AuthorName: William Shakespeare
Eras: 1601-1700, 1501-1600
I will tell you why. So shall my anticipation prevent your discovery, and your secrecy...View Full Monologue Text
I will tell you why. So shall my anticipation prevent your discovery, and your secrecy to the King and Queen moult no feather. I have of late- but wherefore I know not- lost all my mirth, forgone all custom of exercises; and indeed, it goes so heavily with my disposition that this goodly frame, the earth, seems to me a sterile promontory; this most excellent canopy, the air, look you, this brave o'erhanging firmament, this majestical roof fretted with golden fire- why, it appeareth no other thing to me than a foul and pestilent congregation of vapours. What a piece of work is a man! how noble in reason! how infinite in faculties! in form and moving how express and admirable! in action how like an angel! in apprehension how like a god! the beauty of the world, the paragon of animals! And yet to me what is this quintessence of dust? Man delights not me- no, nor woman neither, though by your smiling you seem to say so.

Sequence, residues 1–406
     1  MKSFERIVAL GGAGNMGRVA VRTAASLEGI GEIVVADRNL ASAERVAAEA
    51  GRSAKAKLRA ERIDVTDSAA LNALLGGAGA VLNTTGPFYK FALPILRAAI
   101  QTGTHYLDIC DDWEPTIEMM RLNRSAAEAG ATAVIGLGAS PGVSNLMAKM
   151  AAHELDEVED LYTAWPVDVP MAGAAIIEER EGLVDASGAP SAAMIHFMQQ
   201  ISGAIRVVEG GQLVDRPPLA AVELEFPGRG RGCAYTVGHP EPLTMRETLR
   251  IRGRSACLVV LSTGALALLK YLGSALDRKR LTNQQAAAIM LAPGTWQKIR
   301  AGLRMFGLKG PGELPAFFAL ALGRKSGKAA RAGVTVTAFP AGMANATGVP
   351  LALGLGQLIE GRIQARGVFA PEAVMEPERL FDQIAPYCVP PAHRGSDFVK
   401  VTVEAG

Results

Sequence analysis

Age Range: 20s - Late, 30s - Early, 30s - Late
Dialects: Standard American, Standard English
Go to 4:30 - David Tenant
Rating: Suitable for all ages
Copyright Status: Public domain
Hamlet is speaking with his old friends, Rosencrantz and Guildenstern. Hamlet has just realized that King Claudius and Queen Gertrude have sent them to check in on him. In this monologue, Hamlet tells the duo of his depression.